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02 Jun 2013

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Johnnetta Betsch Cole

A team from the Smithsonian Institution’s National Museum of African Art was recently in Nigeria to create awareness for a proposed exhibition of the works of a now deceased Benin Royal Court photographer. Okechukwu Uwaezuoke reports

Eddie Burke, it turned out, was the real surprise. The art journalist, who shook hands and exchanged pleasantries with him in The Wheatbaker Hotel lobby, had imagined him differently. A Caucasian sporting a dark pin-stripe suit could have been more like it. But here he was: a very light-skinned Blackman in shirtsleeves.

Of course, his interlocutor already knew his official designation: the Public Affairs Specialist of the Smithsonian Institution’s National Museum of African Art (NMAfA). This was long before he offered him his business card. He had spoken a few times and exchanged several emails with Burke since the Smithsonian team’s arrival in Nigeria.

Burke’s director, Dr Johnnetta Betsch Cole, who the journalist had come here to see, was at the hotel’s breakfast room. Would the journalist and the photographer tagging along care to join her for coffee? Both thought it would be nice and accepted the offer. 
Dr. Cole was another surprise. She is a gracefully tall café au lait-complexioned African-American lady, who looked very much at home in her African-themed indigo print gown complete with a head scarf made from the same material and a thin bead necklace.  She is the first non-art historian director of the NMAfA, having studied anthropology for her doctorate degree at the North-western University. This makes her “an unusual director of the museum”. But then she easily makes up for this with the fact that she has a passion for both African and African-American art.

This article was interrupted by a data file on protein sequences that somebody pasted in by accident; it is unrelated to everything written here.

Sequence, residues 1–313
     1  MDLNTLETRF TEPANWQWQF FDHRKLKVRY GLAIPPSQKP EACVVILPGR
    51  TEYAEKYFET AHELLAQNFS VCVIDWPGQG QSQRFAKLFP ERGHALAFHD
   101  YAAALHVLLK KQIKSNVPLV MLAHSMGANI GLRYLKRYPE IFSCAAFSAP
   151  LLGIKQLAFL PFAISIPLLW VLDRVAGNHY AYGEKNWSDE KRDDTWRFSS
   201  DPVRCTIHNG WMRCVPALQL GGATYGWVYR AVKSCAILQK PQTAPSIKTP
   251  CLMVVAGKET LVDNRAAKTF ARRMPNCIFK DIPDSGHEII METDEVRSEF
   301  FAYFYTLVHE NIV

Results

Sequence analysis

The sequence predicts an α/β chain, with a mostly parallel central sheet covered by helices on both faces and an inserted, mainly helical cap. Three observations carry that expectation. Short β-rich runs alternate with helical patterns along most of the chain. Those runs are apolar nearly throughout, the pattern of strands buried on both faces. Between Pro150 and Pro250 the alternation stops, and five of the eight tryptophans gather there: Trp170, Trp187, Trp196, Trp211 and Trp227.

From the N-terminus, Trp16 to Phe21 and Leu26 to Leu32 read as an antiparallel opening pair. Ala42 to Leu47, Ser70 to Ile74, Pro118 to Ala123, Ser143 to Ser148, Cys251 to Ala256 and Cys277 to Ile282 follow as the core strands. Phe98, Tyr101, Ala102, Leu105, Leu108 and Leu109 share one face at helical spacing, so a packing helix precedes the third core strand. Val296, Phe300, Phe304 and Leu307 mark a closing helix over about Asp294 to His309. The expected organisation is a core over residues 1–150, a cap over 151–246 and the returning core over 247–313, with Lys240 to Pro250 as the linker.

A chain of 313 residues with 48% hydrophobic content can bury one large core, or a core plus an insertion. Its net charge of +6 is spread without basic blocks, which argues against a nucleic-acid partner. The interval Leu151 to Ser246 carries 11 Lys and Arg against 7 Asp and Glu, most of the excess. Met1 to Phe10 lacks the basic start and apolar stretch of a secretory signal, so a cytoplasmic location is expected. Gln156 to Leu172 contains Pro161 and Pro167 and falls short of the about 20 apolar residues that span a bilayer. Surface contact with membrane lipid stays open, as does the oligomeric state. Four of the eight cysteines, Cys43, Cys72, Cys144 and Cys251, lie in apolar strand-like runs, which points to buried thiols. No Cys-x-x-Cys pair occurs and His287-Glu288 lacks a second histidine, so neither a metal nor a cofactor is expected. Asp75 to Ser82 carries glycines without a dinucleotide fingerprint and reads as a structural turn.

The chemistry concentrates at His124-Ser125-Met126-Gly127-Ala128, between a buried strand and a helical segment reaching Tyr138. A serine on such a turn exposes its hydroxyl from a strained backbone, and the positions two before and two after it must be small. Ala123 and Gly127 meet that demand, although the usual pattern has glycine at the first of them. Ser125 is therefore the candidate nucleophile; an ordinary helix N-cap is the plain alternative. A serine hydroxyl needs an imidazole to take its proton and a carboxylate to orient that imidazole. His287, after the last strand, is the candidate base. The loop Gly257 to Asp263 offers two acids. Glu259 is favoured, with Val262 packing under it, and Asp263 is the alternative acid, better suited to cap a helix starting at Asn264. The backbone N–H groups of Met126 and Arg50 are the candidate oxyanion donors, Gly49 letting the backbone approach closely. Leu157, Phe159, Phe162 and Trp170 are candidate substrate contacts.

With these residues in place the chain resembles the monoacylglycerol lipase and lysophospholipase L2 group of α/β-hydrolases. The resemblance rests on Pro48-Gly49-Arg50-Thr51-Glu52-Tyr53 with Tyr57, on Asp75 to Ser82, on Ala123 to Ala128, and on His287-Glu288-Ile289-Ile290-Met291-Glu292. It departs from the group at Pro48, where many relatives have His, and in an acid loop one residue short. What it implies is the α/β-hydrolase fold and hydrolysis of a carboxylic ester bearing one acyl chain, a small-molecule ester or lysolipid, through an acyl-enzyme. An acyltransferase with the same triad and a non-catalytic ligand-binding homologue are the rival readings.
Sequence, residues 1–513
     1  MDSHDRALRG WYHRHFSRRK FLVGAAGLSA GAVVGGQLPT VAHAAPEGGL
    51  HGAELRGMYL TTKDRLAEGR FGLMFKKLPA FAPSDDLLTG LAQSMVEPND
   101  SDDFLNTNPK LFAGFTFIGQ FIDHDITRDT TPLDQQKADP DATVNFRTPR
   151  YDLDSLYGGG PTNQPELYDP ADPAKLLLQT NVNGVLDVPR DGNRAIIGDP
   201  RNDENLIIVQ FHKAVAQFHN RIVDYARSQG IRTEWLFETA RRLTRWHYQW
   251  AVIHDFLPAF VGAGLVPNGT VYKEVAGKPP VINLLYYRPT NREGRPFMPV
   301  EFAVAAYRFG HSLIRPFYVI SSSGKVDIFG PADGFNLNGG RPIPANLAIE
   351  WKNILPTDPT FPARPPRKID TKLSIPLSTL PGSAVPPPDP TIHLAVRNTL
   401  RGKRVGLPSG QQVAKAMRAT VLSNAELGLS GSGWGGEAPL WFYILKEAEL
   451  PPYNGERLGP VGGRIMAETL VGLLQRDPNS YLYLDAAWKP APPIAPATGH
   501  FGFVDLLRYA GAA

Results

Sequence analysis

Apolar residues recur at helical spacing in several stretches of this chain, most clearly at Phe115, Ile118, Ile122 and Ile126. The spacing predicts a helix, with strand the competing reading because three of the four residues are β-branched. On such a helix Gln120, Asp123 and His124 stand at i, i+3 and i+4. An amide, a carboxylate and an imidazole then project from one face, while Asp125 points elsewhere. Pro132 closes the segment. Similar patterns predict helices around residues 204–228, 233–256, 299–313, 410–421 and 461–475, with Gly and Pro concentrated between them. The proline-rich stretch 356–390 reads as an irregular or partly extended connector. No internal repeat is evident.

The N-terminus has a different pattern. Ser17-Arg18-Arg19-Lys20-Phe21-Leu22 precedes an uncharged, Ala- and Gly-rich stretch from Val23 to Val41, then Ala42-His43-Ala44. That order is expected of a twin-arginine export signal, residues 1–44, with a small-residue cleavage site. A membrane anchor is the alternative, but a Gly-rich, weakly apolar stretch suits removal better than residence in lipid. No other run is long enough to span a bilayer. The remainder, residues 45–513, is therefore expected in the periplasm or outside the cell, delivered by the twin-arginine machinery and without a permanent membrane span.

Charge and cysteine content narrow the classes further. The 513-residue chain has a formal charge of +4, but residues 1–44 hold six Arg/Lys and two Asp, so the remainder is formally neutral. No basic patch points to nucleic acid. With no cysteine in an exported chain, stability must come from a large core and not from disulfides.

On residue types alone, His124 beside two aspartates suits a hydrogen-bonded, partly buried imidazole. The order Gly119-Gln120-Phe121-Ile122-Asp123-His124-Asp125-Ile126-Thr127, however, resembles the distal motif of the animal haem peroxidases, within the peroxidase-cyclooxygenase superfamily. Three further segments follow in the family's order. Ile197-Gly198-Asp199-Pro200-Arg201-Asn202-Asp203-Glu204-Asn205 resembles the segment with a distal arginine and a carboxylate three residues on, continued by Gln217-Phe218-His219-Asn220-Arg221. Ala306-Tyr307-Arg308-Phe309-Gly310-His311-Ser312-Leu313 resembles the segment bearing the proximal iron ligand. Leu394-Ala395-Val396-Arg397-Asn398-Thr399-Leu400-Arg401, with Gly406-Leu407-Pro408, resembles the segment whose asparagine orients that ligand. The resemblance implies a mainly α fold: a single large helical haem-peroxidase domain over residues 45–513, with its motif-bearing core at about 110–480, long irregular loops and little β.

Obviously, her lustrous antecedents have positioned her for her current duty. Hers is a mind-numbingly impressive curriculum vitae, which takes the reader through a dense thicket of degrees and honours. She made history in 1987 as the first African American woman to serve as president of Spelman College. A brief write-up on her adds: “At her inauguration, Drs Bill and Camille Cosby donated 20 million dollars to the college; and during her presidency, Spelman was named the number one liberal arts college of the South. During her presidency at Benneth College for Women, an art gallery was opened and programs [sic] were initiated in women’s studies and global studies.”

Just last year, an Igbo chieftaincy title, “Adaoha” (The Daughter of All) was conferred on her in the Abia State town of Uturu by the Uturu monarch. She had served in several boards, one of which was the board of Coca-Cola Enterprise, where she served as the first woman. She currently chairs the board of the National Visionary Leadership Project and also sits on the board of KaBOOM, among several others.

At the breakfast table, passion dripped from virtually every one of her words as she enthused about the mission of the team – which also included the senior archivist Amy Staples – to Nigeria.